Coldest-ever chemical reaction reveals molecules in ultra slow motion
When you get right down to the atomic scale, things happen much faster than we’re used to. That makes it hard to actually see what happens during chemical reactions, so researchers at Harvard have found a way to slow things down. By cooling molecules to a fraction above absolute zero, the team was able to perform the coldest chemical reaction ever recorded, capturing a never-before-seen action as two molecules swapped atoms.
Absolute zero – which is -273.15° C or -459.67° F – is regarded as the coldest possible temperature. At that point, molecules essentially stand still, resulting in a complete absence of motion and heat.
For the new study, the Harvard team chilled molecules down to a few millionths of a degree above absolute zero – a temperature of 500 nanoKelvin. That’s way colder than any naturally occurring temperature in the universe. For comparison, at its coldest interstellar space only gets down to a balmy 3 Kelvin, which is 3 billion nanoKelvin.
It’s not the coldest unnatural place though – that honor still belongs to the Cold Atom Lab aboard the International Space Station, where temperatures have been made to plunge to just 100 nanoKelvin.
In the Harvard study, the researchers worked with a gas made up of potassium and rubidium atoms. When these molecules collide they swap partners, creating a new molecule of two potassium atoms and another with two rubidium atoms.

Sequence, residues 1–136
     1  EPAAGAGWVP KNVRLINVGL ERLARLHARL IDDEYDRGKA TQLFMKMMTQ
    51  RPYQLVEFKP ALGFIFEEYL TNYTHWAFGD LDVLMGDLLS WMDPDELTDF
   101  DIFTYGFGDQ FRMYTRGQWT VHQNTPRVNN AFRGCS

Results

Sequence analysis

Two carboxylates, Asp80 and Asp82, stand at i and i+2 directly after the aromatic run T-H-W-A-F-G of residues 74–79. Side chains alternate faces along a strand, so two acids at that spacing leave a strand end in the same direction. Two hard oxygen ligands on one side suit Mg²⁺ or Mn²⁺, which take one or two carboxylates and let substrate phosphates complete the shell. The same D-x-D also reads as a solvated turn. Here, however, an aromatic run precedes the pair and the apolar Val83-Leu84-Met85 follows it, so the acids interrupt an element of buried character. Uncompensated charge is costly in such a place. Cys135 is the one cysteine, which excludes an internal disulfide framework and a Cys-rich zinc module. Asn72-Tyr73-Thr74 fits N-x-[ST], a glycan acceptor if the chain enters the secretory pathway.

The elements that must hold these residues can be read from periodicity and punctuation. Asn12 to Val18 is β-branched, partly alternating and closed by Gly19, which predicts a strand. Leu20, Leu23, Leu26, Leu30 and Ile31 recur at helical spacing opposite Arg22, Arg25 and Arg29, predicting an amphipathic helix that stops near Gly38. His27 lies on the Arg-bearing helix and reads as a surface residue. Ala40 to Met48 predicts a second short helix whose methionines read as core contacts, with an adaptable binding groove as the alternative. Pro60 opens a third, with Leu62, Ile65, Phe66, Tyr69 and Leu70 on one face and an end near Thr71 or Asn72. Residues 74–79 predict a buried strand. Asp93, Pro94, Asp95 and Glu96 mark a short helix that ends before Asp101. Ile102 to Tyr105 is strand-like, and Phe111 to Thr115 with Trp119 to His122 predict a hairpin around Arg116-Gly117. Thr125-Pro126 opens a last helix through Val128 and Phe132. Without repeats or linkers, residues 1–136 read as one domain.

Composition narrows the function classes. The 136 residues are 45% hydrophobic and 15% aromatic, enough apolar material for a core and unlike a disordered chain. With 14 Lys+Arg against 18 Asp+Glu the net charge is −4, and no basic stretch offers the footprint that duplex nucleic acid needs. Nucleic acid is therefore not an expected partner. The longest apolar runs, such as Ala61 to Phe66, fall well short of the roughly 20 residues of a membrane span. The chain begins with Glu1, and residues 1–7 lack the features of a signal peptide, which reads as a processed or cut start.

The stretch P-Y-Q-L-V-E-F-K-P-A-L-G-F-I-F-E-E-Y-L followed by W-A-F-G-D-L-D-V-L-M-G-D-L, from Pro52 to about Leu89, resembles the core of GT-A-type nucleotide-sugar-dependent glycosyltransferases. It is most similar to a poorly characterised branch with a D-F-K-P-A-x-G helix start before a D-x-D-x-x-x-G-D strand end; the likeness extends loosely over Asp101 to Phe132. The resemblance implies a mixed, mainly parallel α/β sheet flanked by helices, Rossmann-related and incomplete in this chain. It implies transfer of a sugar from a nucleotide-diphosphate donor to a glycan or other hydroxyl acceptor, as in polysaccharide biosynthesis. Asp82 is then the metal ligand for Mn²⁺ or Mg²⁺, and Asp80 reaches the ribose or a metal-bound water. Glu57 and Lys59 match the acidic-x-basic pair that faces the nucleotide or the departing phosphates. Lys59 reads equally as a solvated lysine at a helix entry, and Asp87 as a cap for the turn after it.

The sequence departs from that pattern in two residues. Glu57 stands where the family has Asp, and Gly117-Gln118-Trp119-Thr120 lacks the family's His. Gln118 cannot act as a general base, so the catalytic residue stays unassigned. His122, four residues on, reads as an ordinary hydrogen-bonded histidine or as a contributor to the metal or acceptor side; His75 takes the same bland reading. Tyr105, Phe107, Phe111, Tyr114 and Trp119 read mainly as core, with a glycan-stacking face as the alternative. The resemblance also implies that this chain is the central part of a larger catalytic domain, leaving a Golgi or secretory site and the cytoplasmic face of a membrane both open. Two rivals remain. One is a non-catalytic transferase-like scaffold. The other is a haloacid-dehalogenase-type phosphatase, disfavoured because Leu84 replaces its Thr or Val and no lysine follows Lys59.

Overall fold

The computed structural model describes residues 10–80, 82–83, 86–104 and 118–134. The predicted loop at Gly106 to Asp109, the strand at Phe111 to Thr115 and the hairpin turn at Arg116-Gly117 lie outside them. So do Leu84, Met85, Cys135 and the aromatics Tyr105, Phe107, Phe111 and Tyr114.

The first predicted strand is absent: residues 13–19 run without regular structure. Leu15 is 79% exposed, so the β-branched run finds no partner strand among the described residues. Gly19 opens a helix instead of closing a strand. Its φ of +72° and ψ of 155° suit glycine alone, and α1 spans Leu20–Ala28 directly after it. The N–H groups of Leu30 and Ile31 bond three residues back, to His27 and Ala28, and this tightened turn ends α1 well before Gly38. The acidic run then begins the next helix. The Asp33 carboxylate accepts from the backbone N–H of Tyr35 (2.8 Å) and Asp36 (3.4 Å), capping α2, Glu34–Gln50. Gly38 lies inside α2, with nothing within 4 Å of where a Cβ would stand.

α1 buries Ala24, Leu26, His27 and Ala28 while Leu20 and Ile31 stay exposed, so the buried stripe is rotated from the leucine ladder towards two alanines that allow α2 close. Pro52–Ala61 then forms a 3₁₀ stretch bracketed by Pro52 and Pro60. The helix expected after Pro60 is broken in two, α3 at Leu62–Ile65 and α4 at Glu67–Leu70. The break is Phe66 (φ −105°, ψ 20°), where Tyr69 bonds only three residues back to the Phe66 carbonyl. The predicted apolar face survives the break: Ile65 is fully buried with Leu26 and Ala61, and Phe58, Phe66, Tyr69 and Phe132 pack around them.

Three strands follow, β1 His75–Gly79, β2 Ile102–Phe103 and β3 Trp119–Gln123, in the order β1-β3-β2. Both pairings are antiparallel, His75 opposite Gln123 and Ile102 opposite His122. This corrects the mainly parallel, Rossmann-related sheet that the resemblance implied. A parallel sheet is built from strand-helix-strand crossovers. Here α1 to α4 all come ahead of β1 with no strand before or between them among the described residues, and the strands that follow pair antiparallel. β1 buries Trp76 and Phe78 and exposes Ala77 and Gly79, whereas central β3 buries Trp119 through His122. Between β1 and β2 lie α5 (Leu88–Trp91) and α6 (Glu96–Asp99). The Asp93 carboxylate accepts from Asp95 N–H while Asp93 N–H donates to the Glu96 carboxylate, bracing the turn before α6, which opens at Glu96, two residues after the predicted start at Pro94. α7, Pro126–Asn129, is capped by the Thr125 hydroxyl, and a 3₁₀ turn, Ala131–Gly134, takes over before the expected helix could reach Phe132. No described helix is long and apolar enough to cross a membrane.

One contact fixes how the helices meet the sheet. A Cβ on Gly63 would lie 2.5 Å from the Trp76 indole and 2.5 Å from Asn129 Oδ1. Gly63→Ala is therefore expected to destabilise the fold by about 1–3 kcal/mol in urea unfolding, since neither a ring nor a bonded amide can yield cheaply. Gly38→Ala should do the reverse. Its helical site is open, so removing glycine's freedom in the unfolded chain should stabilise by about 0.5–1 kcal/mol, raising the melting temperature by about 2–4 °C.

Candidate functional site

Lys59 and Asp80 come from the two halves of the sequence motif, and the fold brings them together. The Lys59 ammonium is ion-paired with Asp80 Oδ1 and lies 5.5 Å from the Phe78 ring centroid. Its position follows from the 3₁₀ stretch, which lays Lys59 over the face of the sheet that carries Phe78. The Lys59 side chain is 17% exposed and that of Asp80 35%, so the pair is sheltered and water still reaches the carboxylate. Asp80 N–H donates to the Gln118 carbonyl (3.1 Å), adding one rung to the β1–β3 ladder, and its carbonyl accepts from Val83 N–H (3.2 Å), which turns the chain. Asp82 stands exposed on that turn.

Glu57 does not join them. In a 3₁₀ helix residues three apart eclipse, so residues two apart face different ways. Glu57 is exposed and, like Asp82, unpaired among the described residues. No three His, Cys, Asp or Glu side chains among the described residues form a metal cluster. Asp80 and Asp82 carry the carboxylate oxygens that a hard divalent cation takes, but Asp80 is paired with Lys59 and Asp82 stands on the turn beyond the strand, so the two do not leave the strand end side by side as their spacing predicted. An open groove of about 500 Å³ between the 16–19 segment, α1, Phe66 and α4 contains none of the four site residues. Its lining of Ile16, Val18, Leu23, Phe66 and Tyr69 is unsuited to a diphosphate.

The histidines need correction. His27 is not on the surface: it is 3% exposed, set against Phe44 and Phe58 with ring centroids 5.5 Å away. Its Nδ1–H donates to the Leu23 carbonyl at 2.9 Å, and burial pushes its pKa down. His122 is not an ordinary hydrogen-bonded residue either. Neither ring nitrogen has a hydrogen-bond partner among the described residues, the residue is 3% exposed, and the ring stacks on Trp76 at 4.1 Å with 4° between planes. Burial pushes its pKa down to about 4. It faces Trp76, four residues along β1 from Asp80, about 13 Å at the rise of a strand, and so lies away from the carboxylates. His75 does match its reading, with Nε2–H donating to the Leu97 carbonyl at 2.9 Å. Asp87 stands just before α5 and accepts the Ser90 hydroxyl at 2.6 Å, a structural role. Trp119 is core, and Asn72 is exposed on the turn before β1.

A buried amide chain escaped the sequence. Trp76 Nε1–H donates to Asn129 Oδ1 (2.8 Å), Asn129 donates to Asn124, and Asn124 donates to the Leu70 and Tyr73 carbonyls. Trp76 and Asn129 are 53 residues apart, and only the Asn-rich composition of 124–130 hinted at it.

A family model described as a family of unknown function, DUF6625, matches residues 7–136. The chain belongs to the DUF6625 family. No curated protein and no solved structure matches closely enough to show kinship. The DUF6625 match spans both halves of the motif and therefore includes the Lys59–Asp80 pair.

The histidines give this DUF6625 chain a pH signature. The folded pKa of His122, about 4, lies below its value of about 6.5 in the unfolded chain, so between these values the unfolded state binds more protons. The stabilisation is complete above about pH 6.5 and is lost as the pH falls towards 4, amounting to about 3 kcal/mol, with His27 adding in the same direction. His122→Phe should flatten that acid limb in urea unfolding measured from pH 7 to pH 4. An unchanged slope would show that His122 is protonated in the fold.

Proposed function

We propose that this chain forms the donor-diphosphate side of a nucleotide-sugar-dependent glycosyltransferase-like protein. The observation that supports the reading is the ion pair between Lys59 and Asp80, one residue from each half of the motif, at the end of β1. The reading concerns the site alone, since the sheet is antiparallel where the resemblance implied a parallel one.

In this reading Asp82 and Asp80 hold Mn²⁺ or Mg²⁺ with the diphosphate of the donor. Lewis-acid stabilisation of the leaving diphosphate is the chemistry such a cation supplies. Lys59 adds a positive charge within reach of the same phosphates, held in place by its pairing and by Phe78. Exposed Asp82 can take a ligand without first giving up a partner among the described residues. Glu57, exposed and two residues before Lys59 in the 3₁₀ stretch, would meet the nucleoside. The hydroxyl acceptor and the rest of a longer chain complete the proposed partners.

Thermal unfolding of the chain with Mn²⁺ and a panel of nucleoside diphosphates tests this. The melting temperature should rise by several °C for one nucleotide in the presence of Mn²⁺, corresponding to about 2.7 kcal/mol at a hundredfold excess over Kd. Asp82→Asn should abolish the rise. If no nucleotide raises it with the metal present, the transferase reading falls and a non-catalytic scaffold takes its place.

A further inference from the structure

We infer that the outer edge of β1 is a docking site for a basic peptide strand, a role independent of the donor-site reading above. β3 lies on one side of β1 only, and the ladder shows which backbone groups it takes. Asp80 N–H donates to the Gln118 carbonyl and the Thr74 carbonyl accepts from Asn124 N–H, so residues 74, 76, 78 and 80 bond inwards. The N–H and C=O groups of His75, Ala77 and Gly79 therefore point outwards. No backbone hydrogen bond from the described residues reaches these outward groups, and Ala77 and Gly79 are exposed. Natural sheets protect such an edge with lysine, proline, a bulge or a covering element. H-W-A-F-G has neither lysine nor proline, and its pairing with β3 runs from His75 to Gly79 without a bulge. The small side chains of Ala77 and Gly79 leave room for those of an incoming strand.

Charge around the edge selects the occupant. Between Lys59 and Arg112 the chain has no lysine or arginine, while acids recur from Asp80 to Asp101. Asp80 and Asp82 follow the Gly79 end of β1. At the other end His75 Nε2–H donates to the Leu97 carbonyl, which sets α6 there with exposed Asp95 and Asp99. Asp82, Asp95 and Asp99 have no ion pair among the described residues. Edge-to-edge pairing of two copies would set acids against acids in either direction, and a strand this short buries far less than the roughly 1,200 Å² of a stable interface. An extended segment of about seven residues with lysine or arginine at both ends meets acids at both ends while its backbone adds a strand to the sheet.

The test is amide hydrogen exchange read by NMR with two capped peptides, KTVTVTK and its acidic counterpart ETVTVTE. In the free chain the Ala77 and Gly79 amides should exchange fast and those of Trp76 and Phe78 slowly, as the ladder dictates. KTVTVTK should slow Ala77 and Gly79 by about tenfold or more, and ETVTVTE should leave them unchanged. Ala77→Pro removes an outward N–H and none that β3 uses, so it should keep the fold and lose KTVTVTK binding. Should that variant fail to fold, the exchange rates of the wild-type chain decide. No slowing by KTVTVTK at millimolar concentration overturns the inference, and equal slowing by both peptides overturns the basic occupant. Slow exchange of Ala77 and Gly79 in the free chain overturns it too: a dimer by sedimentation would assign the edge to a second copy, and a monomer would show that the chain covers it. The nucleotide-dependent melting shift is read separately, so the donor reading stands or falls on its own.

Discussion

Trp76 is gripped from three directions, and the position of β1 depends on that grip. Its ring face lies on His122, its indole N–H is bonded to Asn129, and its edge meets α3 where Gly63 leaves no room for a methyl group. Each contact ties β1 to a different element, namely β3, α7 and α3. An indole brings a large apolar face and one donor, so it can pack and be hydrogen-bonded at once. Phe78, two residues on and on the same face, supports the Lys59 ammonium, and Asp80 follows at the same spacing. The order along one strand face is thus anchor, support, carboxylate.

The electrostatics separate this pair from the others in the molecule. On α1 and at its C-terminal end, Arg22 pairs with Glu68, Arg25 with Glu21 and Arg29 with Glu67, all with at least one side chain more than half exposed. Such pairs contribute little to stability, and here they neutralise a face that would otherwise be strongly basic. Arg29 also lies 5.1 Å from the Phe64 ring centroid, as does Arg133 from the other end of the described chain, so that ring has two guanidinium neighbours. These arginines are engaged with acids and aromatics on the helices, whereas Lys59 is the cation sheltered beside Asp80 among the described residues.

Normally, chemical reactions between molecules happens far too fast for scientists to see everything – even the most precise equipment can only watch the original molecules disappearing and the new ones appearing in their place. The middle step remained a mystery.
But now, the researchers have seen that missing link. At this ultracold temperature, the chemical reaction takes place millions of times slower, giving the team a wider window to watch what’s going on.
When the potassium-rubidium molecules collided, the team was able to image for the first time the four-atom molecule that’s briefly created as an intermediate step. That allows the team to watch atomic bonds break and new ones form.
With this ability, the researchers say that in future they could study chemical reactions in much more detail. As well as just watching, the extended window could allow scientists to intervene in chemical reactions more precisely, which in turn may lead to a whole range of new applications. After all, chemical reactions are at the heart of pharmaceuticals, energy and household products, just to name a few things.
The research was published in the journal Science.
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